"I am my own God. We are here to unlearn the teachings of the church, state, and our educational system...We are here to laugh at the odds and live life so well that Death will tremble to take us."

- Charles Bukowski


The most common misconception nonbelievers have about heaven is believing you get there by being good.

This notion reveals mistaken ideas of heaven, of why one should "be good", and of the nature and seriousness of unbelief.

While much could be written about all this, these paragraphs just begin to answer what is more fully covered under "Introduction".



Why can mass-murderers go to heaven, but unbelievers cannot?


"A thorough reading and understanding of the Bible is the surest path to atheism."

- Donald Morgan


A spiteful challenge to the true definition of Christian stems from the late serial killer Jeffrey Dahmer. Although Lionel Dahmer recalls his son posing the very atheistic question, "If there's not a god, why can't I make my own rules?", Jeffrey was reported to have converted after his arrest. He is also said to have read from the writings of the apostle Paul at his sentencing.

Anti-Christian proponents afterward had a field day using Jeffrey Dahmer as the poster child for Christianity by associating all kinds of evil as being characteristic of God and everyone who believes in him. Behind all the fallacious guilt-by-association, a very legitimate question can nevertheless be found:

Can someone as horrible as a mass murder become a Christian - that is, go to heaven - and, if so, what does that say about God?

First, to the dismay of Bible quoting felons around the globe, conversion to belief in Christ does not waive the earthly consequences of one's sins in the eyes of God or government.

Second, true conversion is God's invisible action within a person that coincides with their honest turning towards him. No one begins the spiritual birth mature and perfectly obedient. As such, the only visible evidence of conversion that others can expect to see will be the outward effects of a changed life. So whether or not Dahmer had a sincere profession of faith is unknowable now that his life has ended and no behaviors may be evidenced.

Third, even if Dahmer's conversion was real, conversion does not override a believer's freedom to choose between sinning or pleasing God. Believers can and will still sin, but with an important exception. Conversion permanently provides the believer with the presence of the Holy Spirit. The Holy Spirit gives believers the ability not to sin, and the capability to be so open to God that they are filled with this companion and teacher. When believers do sin, they grieve the Holy Spirit within them, feel that grief themselves, and forfeit the benefits for which the Spirit is there to provide.

So if Christians may go against God's teachings found in the Bible but will be made to feel bad about it by the Holy Spirit, would they not be better off if they remained non-Christian until their deathbed so that they could sin until then and feel good about it?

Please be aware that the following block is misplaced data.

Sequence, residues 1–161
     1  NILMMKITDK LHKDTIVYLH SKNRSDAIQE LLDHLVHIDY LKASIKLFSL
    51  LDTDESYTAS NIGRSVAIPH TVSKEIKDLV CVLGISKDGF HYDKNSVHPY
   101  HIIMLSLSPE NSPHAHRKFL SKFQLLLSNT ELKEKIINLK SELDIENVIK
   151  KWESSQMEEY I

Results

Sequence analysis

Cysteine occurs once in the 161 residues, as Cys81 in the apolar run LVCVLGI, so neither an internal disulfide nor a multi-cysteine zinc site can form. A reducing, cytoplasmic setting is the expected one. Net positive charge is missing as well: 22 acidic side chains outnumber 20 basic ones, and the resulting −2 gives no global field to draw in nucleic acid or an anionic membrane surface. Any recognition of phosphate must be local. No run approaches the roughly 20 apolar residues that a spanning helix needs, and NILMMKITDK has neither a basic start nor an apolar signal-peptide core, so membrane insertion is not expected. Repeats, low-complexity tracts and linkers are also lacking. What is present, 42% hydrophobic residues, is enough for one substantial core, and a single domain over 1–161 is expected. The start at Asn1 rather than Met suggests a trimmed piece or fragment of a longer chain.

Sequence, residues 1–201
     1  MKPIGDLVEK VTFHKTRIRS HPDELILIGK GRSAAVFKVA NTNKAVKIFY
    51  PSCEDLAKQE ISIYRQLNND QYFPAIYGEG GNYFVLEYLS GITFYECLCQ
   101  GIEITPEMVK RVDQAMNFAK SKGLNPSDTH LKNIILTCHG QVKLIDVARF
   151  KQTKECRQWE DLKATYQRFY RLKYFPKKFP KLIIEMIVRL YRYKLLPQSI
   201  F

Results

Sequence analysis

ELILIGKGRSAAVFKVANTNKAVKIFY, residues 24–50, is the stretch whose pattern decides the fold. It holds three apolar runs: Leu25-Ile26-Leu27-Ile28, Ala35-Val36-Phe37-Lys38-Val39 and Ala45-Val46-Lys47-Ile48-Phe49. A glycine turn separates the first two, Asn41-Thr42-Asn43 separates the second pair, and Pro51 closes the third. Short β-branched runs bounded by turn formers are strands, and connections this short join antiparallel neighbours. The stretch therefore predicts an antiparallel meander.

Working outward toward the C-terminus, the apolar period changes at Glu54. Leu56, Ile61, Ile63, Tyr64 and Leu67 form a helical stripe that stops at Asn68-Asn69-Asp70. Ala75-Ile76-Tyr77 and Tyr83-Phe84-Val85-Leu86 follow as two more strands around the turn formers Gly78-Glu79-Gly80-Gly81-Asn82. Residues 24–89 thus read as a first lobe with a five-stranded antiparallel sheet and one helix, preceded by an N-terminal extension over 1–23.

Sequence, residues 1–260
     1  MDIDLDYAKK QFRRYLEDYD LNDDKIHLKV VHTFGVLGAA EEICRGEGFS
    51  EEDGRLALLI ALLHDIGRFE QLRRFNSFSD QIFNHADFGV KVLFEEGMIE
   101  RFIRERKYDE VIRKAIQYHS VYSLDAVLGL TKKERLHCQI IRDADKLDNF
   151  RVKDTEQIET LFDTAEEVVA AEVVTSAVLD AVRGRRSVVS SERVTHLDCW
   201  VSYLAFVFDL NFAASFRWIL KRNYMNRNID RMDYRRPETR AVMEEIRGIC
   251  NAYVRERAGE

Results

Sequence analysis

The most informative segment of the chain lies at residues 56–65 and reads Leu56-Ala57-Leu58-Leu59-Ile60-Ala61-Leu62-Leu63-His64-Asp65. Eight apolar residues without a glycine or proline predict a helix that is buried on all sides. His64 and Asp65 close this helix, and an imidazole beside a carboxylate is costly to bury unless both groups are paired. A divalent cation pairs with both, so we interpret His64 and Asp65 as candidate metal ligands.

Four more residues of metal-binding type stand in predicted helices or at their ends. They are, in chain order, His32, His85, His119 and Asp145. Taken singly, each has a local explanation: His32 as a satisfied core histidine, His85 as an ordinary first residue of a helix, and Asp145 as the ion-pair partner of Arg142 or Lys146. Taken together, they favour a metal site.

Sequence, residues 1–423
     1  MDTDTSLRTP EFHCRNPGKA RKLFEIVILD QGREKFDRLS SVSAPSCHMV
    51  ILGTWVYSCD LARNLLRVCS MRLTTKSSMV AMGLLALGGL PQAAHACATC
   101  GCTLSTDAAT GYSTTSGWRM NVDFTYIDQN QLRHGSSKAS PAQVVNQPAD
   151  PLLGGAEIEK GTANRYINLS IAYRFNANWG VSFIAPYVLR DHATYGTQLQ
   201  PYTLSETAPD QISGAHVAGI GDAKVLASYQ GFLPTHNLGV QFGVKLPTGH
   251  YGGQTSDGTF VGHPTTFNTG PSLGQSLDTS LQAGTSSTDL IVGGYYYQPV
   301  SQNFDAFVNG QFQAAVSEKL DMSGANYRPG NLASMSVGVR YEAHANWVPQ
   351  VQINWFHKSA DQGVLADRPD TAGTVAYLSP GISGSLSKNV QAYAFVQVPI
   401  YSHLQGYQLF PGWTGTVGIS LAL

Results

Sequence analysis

This presumes that sin brings nothing but good feelings. That is not the case. We are not commanded to be faithful to our spouse, to always speak the truth in love, and to abhor murder and adultery just to please God: these are for our own joy and well-being, too. Furthermore, life, like money, can be spent fast and loose... for a time. But the day we come up short is also the day it's too late to fix the problem.

Besides, if a deathbed confession is our plan now, how will we expect to convince God of our sincerity then? Our obedience is not what gets us into heaven, but it is something that God will nonetheless judge. (See also What is the gospel?)

An additional objection posed by nonbelievers, especially in a case like Dahmer's, is the perceived inequity that horrible murder cannot keep a person out of heaven, but "innocent unbelief" can.

Murder is horrible, but so is unbelief in light of what God has done for us, in light of the seriousness of sin, and in light of the massive amount of evidence God has provided by which we may believe. The seriousness of unbelief is always difficult to understand until one comes to see unbelief as God sees it. That might not be fully appreciated until one comes to know God personally.

Knowing God personally means not just knowing about him, but it means coming to know him as one would a close friend or family member. You know a friend through years of listening to them and talking with them. Similarly, you know God through believing in him and allowing the presence of his Spirit to fill you, and by interacting with him in prayer.

It is critical to actually know God rather than just know about him. The difference is like a convict on death row who might be able to say, "I know the Governor" versus another who could only say, "I know about the Governor". Either statement can be true, but only one is a relationship in which there will be a confident hope of seeing a positive difference in one's future. That relationship with God through Jesus Christ is precisely what sets one apart as Christian. Only from within that relationship may unbelief truly be seen as God sees it.


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See also:

What is "Christian"?

The Bible's most frightening passage

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